CODART, Dutch and Flemish art in museums worldwide


Back to Berlin – And What It Means to Be a Museum Curator Today

Museums have never been static institutions, and the curator’s profession is constantly changing as a result. Today’s museums, more than ever before, interact with the society around them. Along with rapid changes in the makeup of the population, new questions come to the fore: curators too are constantly thinking of how to present a multi-faceted view of history, how to deal with diversity and inclusivity. Meanwhile, technological advances are facilitating ever more sophisticated scientific analyses of materials, which in turn raise new questions in relation to art history and alter the canon. This impacts on the choices made when selecting artworks for temporary and permanent exhibitions.

What does all this mean for the curator’s profession? What is the tradition from which our profession originates? Could we draw on this tradition to find answers to the new questions confronting us?

Berlin provides the perfect surroundings in which to reflect on this subject. In this city, a public museum was planned as early as 1815. With the acquisition of Edward Solly’s collection in 1821, a large number of early German and Netherlandish works came to Berlin. The collections of the Staatliche Museen zu Berlin, especially those of the Gemäldegalerie and the Kupferstichkabinett, rank among the most important holdings of Netherlandish art from the 15th to 17th centuries worldwide. They would become a point of departure for systematic research on early Northern European art. In addition, Berlin occupies an important place in the development of art history as an academic discipline, especially in relation to the growing interest in early Netherlandish painting.

Wilhelm Bode (seated) with Max Friedländer (right) and Alois Hauser in the gallery of the Kaiser-Friedrich-Museum (now Bode Museum) around 1900
Photo: Zentralarchiv, Staatliche Museen zu Berlin

Wilhelm Bode was a pivotal figure in the later development of the Berlin collections, crafting an acquisition policy that would remain in force for decades. Bode was a leading scholar in several fields of art history, including 17th-century Dutch painting, Italian Renaissance sculpture, and Oriental carpets. A current trend in museum exhibitions that harks back to Berlin collections of the early 20th century is the combination of different media, such as paintings, sculpture and the applied arts. This was practiced in the Berlin Museums in Bode’s day, both in period rooms and in a more or less neutral ambience. Max J. Friedländer, assistant at the Gemäldegalerie from 1896, who became deputy director in 1904 and served as director from 1929 to 1933, followed the Berlin tradition of scholarship in relation to early Netherlandish painting, eventually becoming its most respected and arguably most influential connoisseur, up to the present day. Soon after his appointment, however, Berlin ceased to be a center of art scholarship and research. The Third Reich and the Second World War marked a break with the past: scholars like Friedländer were threatened and fled from the country, and the Berlin collections would eventually suffer a severe loss in 1945, when over 430 paintings and hundreds of sculptures perished in a fire that swept through an air raid shelter, where they had been stored to keep them safe.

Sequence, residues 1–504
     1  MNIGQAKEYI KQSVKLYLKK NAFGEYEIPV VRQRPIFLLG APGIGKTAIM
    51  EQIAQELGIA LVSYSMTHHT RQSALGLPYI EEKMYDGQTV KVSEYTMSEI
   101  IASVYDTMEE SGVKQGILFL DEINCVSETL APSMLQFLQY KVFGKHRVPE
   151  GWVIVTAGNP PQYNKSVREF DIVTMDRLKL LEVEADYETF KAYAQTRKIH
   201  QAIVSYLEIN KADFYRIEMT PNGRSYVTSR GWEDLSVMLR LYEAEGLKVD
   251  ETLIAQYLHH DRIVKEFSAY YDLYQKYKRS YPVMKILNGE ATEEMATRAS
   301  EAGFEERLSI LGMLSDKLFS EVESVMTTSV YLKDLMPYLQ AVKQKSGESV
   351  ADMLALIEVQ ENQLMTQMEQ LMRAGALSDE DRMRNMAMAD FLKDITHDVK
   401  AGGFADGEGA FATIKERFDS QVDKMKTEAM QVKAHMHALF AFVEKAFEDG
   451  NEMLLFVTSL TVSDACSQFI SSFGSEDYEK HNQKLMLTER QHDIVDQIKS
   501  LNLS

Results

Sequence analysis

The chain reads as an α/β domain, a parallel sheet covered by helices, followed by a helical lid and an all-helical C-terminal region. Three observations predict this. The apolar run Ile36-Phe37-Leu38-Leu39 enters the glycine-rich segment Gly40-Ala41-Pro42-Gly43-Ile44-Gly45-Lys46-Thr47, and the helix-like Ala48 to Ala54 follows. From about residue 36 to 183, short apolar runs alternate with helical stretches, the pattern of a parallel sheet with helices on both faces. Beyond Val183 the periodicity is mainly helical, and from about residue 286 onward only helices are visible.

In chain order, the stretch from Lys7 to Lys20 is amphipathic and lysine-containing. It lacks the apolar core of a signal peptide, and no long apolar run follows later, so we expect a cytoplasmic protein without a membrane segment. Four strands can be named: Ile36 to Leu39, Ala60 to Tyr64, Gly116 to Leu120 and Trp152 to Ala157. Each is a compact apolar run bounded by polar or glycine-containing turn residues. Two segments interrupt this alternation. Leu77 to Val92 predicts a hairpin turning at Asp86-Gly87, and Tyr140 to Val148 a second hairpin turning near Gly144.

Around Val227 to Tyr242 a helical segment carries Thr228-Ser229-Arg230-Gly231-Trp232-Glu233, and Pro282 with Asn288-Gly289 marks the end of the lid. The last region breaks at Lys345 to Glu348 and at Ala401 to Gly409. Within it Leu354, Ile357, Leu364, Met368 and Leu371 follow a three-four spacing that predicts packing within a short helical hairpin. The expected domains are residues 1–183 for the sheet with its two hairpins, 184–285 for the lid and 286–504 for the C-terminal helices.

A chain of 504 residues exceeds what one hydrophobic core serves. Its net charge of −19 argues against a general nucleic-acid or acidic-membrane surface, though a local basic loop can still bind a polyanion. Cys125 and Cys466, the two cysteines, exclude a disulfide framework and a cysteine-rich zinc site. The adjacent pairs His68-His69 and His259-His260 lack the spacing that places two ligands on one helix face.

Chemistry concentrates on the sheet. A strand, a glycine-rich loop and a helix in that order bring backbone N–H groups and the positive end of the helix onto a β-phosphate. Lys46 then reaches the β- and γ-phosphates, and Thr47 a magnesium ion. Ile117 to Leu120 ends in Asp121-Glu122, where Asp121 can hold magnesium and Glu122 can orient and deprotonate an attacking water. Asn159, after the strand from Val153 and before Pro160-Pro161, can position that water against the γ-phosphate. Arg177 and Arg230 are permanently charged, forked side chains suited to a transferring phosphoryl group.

What does this history mean for our position as curators of Old Masters? In what respects could we said to be working along the same lines as our predecessors a hundred years ago, and what fundamental changes have taken place? Have our much larger fund of knowledge and far more sophisticated ideas about historical art widened our understanding in comparison to those pioneering times, or, to the contrary, actually narrowed it? Can we find answers to the questions confronting us from society while remaining faithful to the heritage of luminaries such as Bode and Friedländer?